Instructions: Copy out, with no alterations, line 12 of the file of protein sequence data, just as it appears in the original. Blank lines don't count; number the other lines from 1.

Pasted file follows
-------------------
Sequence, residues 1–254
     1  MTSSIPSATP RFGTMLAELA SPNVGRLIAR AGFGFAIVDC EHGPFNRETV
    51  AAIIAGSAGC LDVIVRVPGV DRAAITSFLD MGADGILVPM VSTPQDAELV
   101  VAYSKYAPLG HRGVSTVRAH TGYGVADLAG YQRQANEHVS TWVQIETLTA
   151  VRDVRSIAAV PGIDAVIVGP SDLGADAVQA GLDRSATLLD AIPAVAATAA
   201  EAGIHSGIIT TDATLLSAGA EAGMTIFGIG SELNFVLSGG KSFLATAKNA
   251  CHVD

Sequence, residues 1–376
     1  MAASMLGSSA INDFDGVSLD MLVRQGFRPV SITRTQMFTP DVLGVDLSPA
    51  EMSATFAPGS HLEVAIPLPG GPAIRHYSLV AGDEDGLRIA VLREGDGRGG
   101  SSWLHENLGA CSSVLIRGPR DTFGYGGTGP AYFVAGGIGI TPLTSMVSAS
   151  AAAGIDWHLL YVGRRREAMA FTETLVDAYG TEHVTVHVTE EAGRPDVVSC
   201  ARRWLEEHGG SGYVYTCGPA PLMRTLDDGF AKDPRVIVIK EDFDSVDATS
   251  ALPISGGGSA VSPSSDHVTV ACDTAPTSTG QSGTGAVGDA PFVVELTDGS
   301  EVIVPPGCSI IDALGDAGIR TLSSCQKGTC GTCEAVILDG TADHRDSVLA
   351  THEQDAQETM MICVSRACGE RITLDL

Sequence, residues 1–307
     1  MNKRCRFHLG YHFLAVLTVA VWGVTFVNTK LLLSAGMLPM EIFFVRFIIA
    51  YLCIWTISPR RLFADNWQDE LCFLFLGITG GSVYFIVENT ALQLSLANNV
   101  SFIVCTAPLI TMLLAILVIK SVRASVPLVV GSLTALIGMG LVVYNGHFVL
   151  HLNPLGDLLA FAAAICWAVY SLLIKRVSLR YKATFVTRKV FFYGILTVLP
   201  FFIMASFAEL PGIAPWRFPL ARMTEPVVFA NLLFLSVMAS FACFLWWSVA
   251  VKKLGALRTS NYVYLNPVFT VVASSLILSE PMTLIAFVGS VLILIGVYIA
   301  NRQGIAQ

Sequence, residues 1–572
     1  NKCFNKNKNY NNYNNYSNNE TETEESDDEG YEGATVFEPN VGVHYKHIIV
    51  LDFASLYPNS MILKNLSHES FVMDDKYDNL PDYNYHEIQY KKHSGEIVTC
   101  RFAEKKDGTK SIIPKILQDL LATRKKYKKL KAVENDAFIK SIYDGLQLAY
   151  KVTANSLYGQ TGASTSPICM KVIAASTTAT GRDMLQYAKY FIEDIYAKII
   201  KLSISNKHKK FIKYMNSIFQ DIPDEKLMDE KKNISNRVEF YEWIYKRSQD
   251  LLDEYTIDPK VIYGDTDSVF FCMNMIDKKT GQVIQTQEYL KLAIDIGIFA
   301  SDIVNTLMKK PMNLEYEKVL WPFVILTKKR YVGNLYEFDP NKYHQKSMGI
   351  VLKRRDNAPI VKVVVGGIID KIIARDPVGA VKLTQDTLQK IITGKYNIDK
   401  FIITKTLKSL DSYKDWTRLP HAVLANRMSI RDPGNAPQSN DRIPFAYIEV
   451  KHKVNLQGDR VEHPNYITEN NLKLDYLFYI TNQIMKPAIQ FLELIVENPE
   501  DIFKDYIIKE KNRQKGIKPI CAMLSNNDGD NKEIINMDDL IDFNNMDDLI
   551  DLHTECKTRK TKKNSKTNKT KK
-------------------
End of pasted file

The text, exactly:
   151  AAAGIDWHLL YVGRRREAMA FTETLVDAYG TEHVTVHVTE EAGRPDVVSC